Restaurant workers, for instance, typically get off at least two hours after the last bus run to the mall or Augusta Exchange; other workers need to clock in early in the morning.
The alternative is a pricey cab ride, said Wilson, who thought she’d have to walk home Friday because the last Washington Road bus left the station at 5:50 p.m.
“It’s really impacting people’s livelihood,” she said. “The people really need the buses to run to at least 10 o’clock at night.”
Karen Ellis, a retired former editor of the Fort Gordon Signal who frequents the paratransit service because she has multiple sclerosis, shared a similar complaint about the limited service.
“Persons with disabilities have more to do than go to the doctor Monday through Friday,” said Ellis, who has had to spend $50 on a cab to church, versus a $3 paratransit ride.
Augusta Commission members who opposed the move continue to question why the city outsourced transit management.
Lockett has reiterated a call for an external forensic audit of the decision to hire Mobility along with other city decisions involving public-private partnerships.
Johnson questioned Mobility’s background in buses, saying the firm is relying on knowledgeable Augusta Public Transit employees it brought over to keep the system running.
“If we wanted to just keep it mediocre, we could have kept the plan we had,” Johnson said.
Mobility has continued the nine routes and schedule that were in place when it took over, but potentially will present ideas for changing the service to the commission next month, according to Rosson. Suggested routes to Fort Gordon and Sunday routes, for instance, “may be part of our overview that we give to the commissioners,” he said.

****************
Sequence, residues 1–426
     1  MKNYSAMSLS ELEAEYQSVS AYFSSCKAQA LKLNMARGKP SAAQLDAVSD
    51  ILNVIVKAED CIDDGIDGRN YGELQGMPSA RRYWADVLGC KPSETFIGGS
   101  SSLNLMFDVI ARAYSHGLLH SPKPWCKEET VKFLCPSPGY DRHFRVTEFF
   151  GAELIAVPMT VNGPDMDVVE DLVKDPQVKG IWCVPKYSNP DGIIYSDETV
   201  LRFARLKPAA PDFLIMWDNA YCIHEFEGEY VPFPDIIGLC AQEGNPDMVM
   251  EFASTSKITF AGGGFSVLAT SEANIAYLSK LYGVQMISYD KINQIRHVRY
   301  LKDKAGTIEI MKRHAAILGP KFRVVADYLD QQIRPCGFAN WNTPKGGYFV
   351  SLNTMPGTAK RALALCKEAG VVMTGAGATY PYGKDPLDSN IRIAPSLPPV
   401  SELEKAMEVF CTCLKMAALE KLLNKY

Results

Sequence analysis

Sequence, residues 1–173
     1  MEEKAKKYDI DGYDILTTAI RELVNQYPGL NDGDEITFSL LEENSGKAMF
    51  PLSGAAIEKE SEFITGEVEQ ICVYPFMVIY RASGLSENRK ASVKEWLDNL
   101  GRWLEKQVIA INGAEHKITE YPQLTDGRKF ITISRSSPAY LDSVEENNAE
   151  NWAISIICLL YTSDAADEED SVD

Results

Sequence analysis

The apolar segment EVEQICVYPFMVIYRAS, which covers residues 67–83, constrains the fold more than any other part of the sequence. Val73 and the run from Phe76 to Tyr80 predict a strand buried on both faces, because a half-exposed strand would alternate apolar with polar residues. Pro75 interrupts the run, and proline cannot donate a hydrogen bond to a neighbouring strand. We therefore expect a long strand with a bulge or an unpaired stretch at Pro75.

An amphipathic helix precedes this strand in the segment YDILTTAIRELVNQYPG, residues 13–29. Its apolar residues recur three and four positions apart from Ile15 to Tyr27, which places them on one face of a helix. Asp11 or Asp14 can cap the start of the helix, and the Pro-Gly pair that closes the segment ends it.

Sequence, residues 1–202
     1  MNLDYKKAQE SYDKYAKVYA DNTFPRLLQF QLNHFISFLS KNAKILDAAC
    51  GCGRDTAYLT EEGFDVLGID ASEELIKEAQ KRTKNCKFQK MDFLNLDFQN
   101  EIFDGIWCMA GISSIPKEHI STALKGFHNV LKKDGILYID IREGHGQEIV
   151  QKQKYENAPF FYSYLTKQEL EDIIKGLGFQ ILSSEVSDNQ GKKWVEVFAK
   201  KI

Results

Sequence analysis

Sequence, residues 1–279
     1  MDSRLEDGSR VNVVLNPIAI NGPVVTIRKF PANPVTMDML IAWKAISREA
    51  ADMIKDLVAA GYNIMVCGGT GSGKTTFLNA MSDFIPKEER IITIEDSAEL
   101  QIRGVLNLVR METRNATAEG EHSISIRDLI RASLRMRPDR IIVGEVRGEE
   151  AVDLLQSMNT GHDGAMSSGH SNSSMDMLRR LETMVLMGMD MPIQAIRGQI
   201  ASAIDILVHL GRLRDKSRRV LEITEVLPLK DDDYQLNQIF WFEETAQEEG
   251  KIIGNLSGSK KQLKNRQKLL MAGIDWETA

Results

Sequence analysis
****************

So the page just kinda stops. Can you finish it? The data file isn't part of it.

In the meantime, Mobility has recently returned staffing levels to normal, a critical factor in reducing employee overtime. But that is also a challenge because the firm has a detailed screening process, including a background check, drug screen, driving history and Department of Transportation physical, he said.
Other city officials cite their lack of phone calls as evidence Mobility may be doing a good job.
“I don’t think I’ve had a single one since they took over,” City Administrator Fred Russell said.
There’s another change on the horizon for Augusta Public Transit: Plans to sell facilities at 1548 and 1568 Broad St. and 1529 Fenwick St.
Russell said the valuable property probably isn’t worth the cash-strapped city retaining it, and that long-term plans are to move the bus fleet, and eventually the entire fleet, to a joint Richmond County Board of Education maintenance facility on Mike Padgett Highway. The move won’t affect downtown riders, who will continue to board and change buses downtown, he said.
Commissioner Wayne Guilfoyle said he was pleased with Mobility so far.
“I have not heard one complaint since they took over,” Guilfoyle said. “I see the buses hitting the bus stops with the schedule signs on them; the buses are clean and I have yet to hear from the Bus Riders Association,” he said.